Can you teach me the ways to quote the one below, which is pretended to have been spoken by Joe, including ways to quote partially and selectively?

Hypothetical quotational content (not necessarily true):
Joe: "A lot of Chinese I saw seem to worry too much for too long for no good reasons."

Can I quote partially to report this? How can one use it to incorporate into my writing in newspaper context and formal writing context or informal writing context?
You mean like this?

Joe expressed his belief that there is excessive worrying on the part of many Chinese "for no good reasons."
Thank you. I think thee original quote limited the Chinese to those he met, but your version didn't state that. Is that OK? How much can a person omit?

Can a person tweak the content a little bit more than what you seemed to have done and be OK?

Some thing like this OK?
Joe expressed his belief that a small portion of Chinese are worrying to an uncomfortable degree "for no good reason."
Teachers: We supply a list of EFL job vacancies
Actually, your restatement gives an unintended meaning.

Go back to mine and just and "he enountered" after the word "Chinese." My omission was not intentional.

Joe talked to at least a few people, and most of them are worried. Joe may assume that if he talked to a million people, most of them would be worried. He may be thinking that most Chinese in general are worried. In your restatement, you refer to "a small portion of Chinese" -- that gives a very different view. That implies that if he talked to a million people, only a few would be worried.

You can omit what is not relevant. This would NOT be okay:

Joe: The Times is a good paper. It's reliable, it's reputable, it's accurate. The Record is a piece of trash, frequently distorting the truth.

The reporter from the Record writes: In comments that included references to the Times, Joe even used the phrase "a piece of trash."
Thank you again.

I think in a thread named "quoting partially," I believe Clive have said something in the line of a person reading a text should decide how much is omitted and it's difficult to find out whether a piece of report is accurately bringing? out a direct quote. And he seemed to have given an interesting example.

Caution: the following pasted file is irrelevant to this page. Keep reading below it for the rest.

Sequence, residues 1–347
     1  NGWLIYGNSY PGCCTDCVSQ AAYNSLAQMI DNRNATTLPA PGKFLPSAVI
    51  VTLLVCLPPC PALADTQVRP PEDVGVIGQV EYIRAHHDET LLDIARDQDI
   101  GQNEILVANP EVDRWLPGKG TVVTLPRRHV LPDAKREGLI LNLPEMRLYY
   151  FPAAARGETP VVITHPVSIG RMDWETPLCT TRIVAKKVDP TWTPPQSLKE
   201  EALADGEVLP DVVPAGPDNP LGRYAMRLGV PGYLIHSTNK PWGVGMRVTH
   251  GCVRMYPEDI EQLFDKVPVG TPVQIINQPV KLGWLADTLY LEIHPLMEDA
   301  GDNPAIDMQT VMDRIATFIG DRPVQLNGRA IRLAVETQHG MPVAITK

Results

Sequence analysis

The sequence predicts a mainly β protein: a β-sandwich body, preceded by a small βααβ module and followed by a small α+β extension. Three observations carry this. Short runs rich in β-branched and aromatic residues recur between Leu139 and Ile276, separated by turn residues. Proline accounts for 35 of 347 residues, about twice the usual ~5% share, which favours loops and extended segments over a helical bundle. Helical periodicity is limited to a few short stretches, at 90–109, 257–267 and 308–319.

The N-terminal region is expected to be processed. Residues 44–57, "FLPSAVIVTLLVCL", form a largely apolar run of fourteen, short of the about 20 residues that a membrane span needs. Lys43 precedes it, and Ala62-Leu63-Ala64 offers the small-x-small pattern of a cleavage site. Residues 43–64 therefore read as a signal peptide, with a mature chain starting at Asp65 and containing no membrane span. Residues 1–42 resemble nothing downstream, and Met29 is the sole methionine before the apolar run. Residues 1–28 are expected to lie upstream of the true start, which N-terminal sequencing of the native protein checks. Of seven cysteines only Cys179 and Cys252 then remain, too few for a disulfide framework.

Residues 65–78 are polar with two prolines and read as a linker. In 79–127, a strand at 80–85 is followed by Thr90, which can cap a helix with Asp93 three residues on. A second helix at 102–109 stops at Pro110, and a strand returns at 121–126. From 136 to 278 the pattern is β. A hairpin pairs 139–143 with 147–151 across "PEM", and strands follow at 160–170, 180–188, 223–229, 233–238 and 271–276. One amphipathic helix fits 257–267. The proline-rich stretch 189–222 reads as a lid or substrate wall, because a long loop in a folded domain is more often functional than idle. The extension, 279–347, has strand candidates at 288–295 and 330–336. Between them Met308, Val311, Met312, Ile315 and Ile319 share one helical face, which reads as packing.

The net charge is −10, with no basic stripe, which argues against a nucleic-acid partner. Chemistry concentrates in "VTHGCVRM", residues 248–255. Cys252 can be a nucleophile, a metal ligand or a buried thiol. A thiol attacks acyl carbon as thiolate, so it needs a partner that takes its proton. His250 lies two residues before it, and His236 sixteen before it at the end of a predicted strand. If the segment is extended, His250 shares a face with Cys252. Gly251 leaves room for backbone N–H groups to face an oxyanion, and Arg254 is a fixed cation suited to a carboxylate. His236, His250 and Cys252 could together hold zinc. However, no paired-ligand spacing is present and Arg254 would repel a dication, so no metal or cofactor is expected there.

Can a person do this with this made-up quote, which is similar in content and structure to what Clive gave (I think)?

A: I will give you the amount of money you asked only if you give me a bucket of water.

1.We have good news. A has agreed to give us the money.
2.We have good news. A has agreed to give us the money as soon as possible.
3.We have good news. A has said that he "will give us the amount money we asked."
4.We have good news. A has said that he will give us "the amount of money we asked."

Would you say what is in quotes have to be one-hundred percent, unchanged content -- even pronouns like 'he' or 'she'?
None of those would be acceptable - all omit the cruicial elements of "only if you give me a bucket of water."

There are only a few times you need to use direct quotes outside of journalism. Otherwise, we go with reported speech.
Students: Are you brave enough to let our tutors analyse your pronunciation?
if you're changing a pronoun in a quote, then you put the changed part in brackets. for example, the statement "I will love her forever and ever," might be quoted by someone else as "[He] will love her forever and ever." Another example would be if the quote you're using uses "he," "she," or "they," instead of the proper name and the proper name has not been mentioned before, it is acceptable to use brackets and replace the pronoun with the proper noun. i.e. "He won the game single-handedly," could be changed to, "[Joe Schmoe] won the game single-handedly."